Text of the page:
When I first came to Al‑Anon, I felt as though I had finally found a group of people who really understood my struggle. It was such a relief to know they understood my emotional language, not just intellectually, but experientially as well. I felt heard, and never judged. I was encouraged to begin working the Steps and find a Sponsor. It was a great place to start. I felt I had a strong relationship with my Higher Power, and as I began working Step One, that miracle of getting the guidance I needed came to me one day. My daughter, who desperately wanted to come home to live with me after treatment, simply did not understand why my answer was “no.”
My dear daughter,
You asked me to write a letter stating the impact your addiction to alcohol has had on me. I’ve given a great deal of thought to the question.
I came to Al-Anon starving and humbly begging. I was starving emotionally and begging for “food.” I found food in the program—nourishment for my starving soul. I kept coming back and working the program, because I gained emotional nourishment.
There was a lunar eclipse this cold Saturday morning and I got up at 6 a.m. to see it. I got out of my warm bed, went to the window, and opened the shade. I was disappointed in what I saw: a barely visible, blurry blob of white with a gray smudge and a little red tint on the bottom. Maybe it was just a streetlight in the fog, maybe it was too overcast, or maybe I had forgotten that I am nearly blind without my glasses.
It is an understatement to say that my life had become unmanageable. My 17-year-old son was abusing drugs and alcohol. I spent night after night wondering what I had done wrong, and what should I be doing differently. It seemed like the more I tried to fix and control him, the worse things became. I would listen in on his phone conversations, spy on him, and raid his room looking for drugs and alcohol; yet continue to clean up his mess and mistakes. I took the fall for his actions.
“Mommy, I am sick.” I can recall hearing my eighteen-year-old daughter’s voice reaching out to me as she used to do when she was a little girl untouched by the disease of alcoholism. I can glimpse a time gone by. It is a bright, sunny day and I am running behind her as she darts off toward a playground slide. I can still clearly see her blond curls cascading down her back into rows of ringlets, as she swings her head back toward me, and smiles a genuine smile full of love, sanity, and security.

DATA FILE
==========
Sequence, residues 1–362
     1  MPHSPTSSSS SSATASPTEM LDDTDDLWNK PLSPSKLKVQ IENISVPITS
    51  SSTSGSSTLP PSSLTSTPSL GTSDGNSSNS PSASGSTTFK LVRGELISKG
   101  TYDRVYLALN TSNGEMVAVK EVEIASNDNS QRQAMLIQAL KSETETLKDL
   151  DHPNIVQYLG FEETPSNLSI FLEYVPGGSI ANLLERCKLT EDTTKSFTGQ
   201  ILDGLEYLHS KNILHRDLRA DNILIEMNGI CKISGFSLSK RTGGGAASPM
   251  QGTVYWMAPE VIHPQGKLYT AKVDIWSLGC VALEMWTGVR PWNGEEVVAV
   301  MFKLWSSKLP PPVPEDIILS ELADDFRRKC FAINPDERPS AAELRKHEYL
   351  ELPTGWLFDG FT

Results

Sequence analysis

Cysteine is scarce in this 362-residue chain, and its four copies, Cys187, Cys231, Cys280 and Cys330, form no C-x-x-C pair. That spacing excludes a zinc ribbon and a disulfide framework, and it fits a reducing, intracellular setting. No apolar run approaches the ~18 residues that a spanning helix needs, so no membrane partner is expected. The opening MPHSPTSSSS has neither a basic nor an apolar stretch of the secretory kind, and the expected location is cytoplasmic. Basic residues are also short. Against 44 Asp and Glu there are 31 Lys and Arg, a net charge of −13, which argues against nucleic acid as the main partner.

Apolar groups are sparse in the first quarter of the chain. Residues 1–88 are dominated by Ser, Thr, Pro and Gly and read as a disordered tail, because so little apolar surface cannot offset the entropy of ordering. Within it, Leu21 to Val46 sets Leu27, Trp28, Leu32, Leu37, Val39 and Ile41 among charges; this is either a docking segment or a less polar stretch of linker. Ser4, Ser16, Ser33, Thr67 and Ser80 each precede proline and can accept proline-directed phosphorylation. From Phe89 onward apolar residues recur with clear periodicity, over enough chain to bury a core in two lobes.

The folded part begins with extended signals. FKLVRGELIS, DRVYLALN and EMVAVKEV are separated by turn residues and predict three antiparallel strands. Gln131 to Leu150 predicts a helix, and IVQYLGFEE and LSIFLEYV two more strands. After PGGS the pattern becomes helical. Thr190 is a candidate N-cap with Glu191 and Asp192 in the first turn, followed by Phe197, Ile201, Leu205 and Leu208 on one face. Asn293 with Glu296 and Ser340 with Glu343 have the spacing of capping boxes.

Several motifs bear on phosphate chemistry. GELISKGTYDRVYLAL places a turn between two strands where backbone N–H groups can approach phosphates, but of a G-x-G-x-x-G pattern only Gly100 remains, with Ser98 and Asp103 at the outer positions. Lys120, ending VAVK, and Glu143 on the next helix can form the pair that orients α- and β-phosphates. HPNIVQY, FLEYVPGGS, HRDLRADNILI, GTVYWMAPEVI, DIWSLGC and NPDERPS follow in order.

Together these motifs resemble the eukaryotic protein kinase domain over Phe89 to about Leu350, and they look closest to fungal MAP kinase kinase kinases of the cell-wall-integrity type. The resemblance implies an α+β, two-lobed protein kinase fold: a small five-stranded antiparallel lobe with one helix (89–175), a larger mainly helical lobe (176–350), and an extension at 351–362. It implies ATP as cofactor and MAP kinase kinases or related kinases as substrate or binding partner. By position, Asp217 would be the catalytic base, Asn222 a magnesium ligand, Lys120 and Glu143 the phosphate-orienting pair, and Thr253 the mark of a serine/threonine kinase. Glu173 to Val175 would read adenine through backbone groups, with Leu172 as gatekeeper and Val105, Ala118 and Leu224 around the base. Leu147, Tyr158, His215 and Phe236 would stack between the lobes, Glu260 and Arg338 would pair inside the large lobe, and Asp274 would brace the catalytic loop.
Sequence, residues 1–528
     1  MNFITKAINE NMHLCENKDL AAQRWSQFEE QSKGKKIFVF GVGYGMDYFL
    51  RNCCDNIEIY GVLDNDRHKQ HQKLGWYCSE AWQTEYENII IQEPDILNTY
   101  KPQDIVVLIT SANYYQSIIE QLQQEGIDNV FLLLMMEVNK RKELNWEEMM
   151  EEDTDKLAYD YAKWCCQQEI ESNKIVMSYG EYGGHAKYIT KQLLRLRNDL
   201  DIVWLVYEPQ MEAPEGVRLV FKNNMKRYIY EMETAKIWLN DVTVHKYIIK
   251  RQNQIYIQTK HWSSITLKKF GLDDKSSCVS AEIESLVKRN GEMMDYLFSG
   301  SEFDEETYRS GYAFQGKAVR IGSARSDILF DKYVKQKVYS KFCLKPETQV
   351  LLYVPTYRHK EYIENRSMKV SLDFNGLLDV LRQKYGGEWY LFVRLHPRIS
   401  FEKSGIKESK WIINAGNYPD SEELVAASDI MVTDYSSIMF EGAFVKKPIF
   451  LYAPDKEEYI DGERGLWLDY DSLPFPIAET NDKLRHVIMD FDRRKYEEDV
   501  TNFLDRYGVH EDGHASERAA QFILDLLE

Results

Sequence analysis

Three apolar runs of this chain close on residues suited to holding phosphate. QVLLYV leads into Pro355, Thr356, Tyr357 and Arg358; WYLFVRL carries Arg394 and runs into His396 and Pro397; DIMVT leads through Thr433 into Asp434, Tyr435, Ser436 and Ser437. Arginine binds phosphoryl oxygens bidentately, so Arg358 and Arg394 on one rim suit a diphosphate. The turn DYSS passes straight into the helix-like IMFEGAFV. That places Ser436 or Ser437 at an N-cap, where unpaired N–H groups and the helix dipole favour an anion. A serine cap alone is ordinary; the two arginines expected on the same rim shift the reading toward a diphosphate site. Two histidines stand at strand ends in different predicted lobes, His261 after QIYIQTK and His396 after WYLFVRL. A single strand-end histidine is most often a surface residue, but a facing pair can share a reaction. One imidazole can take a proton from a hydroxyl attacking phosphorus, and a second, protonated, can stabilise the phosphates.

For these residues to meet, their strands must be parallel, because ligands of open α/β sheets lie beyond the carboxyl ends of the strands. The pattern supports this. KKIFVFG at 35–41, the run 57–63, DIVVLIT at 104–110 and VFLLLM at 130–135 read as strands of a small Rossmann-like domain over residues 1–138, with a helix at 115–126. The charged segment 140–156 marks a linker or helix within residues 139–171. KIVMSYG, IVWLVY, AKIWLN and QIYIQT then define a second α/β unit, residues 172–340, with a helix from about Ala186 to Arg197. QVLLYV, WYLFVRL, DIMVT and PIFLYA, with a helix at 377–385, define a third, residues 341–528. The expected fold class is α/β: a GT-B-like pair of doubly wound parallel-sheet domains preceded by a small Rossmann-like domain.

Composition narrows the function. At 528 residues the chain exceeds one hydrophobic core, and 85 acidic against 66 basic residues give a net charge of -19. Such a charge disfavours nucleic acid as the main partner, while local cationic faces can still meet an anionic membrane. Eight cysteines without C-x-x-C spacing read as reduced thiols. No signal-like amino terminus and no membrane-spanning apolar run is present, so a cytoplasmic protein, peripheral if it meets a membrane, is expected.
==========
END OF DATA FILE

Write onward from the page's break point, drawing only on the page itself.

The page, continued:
My mother’s drinking led me to Al‑Anon 22 years ago. I came and went through my eleven-year marriage to an alcoholic. I am back, once again, because of my 19‑year‑old son. Never in my wildest dreams had I expected the path of my life to take this course. Yet here I am, caught in the embrace of this beautiful program that works as hard for me as I am willing to work it.
Our adult son was an alcoholic, and I was the perfect enabler. I thought I was helping by giving him money, food, and even doing his laundry—until one evening as I was returning his laundry. I saw him walking down the street, intoxicated. Suddenly I realized that I was not helping, but hindering the possibility of him getting help for his disease. All of the caretaking that I had done had been destructive.
Three and a half years ago, I found myself in a high school guidance counselor’s office, crying about the latest crisis with my daughter. She had totaled my van on prom night, driving drunk. Through the grace of God, no one was killed or seriously injured, but it was my wakeup call. Through the grace of this gentle counselor, I was advised to go to Al‑Anon.
I did not come to Al‑Anon willingly. I was, after all, too worldly, too well educated, and far too experienced to require help from anybody. My grief and despair for a son caught up in the disease of alcoholism and drug abuse persisted despite all my efforts to cure him or to have him cured. Such were the actions I believed a responsible parent was supposed to perform in our society. I expected him to stop. His conduct was contrary to those I believed to be the hallmarks of our “class.” Yet he persisted.